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Subtractive Color
A SUBTRACTIVE COLOR model explains the mixing of a limited set of dyes , inks , paint pigments or natural colorants to create a wider range of colors , each the result of partially or completely subtracting (that is, absorbing) some wavelengths of light and not others. The color that a surface displays depends on which parts of the visible spectrum are not absorbed and therefore remain visible. Subtractive color systems start with light, presumably white light. Colored inks, paints, or filters between the watchers and the light source or reflective surface _subtract_ wavelengths from the light, giving it color. If the incident light is other than white, our visual mechanisms are able to compensate well, but not perfectly, often giving a flawed impression of the "true" color of the surface. Conversely, additive color systems start with darkness. Light sources of various wavelengths are added in various proportions to produce a range of colors. Usually, three primary colors are combined to stimulate humans’ trichromatic color vision , sensed by the three types of cone cells in the eye, giving an apparently full range. CONTENTS * 1 RYB * 2 CMY and CMYK printing processes * 3 See also * 4 References * 5 External links RYB Standard RYB Color Wheel Main article: RYB color model RYB (Red, Yellow, Blue) is the formerly standard set of subtractive primary colors used for mixing pigments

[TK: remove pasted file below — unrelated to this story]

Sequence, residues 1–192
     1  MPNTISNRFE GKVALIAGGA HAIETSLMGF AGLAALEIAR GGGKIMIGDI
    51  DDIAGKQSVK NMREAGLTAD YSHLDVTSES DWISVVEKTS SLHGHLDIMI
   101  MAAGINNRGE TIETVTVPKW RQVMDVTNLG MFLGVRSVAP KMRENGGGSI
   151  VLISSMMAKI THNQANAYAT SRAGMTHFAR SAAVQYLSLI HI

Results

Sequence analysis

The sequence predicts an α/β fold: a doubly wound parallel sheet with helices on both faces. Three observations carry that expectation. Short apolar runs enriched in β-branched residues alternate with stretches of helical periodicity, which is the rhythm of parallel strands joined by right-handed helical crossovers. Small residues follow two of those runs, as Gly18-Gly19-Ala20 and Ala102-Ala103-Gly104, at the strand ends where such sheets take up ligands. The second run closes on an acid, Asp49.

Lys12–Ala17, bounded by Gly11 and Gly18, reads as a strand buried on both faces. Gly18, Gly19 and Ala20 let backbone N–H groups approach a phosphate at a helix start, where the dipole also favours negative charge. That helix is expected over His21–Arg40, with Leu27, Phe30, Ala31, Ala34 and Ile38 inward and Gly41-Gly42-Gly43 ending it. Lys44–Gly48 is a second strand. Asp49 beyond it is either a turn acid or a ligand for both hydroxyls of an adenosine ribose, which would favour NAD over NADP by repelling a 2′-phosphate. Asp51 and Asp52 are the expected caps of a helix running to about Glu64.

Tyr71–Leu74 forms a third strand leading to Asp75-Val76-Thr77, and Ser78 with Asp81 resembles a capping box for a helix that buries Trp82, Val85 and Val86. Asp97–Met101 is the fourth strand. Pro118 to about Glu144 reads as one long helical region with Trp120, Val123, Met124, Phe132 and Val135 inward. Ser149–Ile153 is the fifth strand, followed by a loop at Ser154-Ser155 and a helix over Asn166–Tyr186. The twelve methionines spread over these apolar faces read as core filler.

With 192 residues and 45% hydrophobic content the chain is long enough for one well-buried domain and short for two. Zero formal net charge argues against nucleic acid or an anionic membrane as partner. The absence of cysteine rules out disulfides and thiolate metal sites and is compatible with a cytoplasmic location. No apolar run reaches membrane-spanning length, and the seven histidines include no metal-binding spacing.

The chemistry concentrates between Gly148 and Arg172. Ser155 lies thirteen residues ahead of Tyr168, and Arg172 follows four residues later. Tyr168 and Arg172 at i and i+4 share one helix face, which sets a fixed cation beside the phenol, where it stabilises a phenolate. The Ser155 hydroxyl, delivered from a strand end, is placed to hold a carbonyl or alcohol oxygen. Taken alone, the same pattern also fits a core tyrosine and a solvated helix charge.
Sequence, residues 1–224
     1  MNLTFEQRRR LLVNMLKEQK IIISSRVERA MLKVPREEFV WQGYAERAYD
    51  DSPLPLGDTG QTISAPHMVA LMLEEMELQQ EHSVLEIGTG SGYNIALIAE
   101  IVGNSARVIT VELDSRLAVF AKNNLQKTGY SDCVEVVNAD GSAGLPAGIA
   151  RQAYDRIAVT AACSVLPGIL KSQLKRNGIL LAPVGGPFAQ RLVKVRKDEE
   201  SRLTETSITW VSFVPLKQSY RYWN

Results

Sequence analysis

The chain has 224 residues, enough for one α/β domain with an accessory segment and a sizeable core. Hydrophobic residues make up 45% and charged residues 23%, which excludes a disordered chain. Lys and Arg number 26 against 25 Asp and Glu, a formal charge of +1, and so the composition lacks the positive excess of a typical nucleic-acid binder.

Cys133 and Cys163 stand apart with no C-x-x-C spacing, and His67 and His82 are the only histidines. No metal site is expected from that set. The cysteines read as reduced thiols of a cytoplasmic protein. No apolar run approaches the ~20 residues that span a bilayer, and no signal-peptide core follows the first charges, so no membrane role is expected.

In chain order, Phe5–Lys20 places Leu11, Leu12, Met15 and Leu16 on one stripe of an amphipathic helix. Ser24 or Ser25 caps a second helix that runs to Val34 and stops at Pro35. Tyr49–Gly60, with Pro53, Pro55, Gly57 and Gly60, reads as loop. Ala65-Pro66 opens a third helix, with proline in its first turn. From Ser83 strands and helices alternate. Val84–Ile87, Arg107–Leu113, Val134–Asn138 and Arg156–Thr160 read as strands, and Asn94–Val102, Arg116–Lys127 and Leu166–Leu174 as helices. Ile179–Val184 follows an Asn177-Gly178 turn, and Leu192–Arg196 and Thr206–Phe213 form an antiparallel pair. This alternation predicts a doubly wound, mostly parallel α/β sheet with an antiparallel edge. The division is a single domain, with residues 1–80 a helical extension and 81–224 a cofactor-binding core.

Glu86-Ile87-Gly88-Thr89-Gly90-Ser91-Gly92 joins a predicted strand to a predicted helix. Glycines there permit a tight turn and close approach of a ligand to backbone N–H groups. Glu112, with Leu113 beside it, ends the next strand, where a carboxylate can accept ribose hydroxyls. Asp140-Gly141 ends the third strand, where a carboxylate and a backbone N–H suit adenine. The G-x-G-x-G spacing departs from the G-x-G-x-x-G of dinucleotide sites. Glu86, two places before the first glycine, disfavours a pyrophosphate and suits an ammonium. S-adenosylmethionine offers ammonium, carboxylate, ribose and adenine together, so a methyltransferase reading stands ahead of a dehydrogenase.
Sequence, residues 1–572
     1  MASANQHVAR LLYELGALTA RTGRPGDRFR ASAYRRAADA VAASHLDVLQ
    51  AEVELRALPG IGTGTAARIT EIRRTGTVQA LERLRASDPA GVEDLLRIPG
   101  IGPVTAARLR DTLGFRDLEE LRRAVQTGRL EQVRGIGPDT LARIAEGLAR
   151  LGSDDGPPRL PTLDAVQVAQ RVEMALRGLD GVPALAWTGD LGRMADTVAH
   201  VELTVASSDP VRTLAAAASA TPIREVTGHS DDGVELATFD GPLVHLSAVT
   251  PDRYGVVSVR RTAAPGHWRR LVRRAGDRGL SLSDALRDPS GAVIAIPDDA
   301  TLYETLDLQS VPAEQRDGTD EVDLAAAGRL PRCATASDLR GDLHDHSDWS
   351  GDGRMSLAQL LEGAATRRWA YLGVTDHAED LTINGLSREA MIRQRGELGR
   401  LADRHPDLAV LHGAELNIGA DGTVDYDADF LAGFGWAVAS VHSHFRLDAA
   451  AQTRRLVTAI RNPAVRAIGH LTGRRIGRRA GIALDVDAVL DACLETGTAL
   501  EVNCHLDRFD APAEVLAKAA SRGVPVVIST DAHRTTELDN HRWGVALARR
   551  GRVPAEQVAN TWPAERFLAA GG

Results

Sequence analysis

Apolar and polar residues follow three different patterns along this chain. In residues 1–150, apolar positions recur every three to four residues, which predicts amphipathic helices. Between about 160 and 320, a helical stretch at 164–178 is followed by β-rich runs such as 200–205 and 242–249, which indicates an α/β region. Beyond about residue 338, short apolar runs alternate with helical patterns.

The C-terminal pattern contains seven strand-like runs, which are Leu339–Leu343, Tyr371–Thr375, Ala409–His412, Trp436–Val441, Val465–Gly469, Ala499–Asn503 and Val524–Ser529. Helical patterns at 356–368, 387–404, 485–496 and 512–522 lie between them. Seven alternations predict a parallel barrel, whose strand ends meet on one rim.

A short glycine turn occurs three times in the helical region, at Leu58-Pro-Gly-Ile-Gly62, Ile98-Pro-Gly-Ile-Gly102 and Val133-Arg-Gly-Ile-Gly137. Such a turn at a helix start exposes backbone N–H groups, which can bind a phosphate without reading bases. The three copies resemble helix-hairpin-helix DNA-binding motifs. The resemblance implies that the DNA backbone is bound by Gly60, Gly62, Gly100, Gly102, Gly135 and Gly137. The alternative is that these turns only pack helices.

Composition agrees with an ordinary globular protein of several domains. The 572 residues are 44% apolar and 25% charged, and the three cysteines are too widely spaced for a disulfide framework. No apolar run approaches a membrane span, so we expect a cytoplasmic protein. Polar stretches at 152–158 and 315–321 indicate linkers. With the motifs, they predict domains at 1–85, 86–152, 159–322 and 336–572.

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Light
LIGHT is electromagnetic radiation within a certain portion of the electromagnetic spectrum . The word usually refers to VISIBLE LIGHT, which is visible to the human eye and is responsible for the sense of sight . Visible light is usually defined as having wavelengths in the range of 400–700 nanometres (nm), or 4.00 × 10−7 to 7.00 × 10−7 m, between the infrared (with longer wavelengths) and the ultraviolet (with shorter wavelengths). This wavelength means a frequency range of roughly 430–750 terahertz (THz). The main source of light on Earth
Earth
is the Sun
Sun
. Sunlight
Sunlight
provides the energy that green plants use to create sugars mostly in the form of starches, which release energy into the living things that digest them. This process of photosynthesis provides virtually all the energy used by living things. Historically, another important source of light for humans has been fire, from ancient campfires to modern kerosene lamps. With the development of electric lights and power systems , electric lighting has effectively replaced firelight. Some species of animals generate their own light, a process called bioluminescence . For example, fireflies use light to locate mates, and v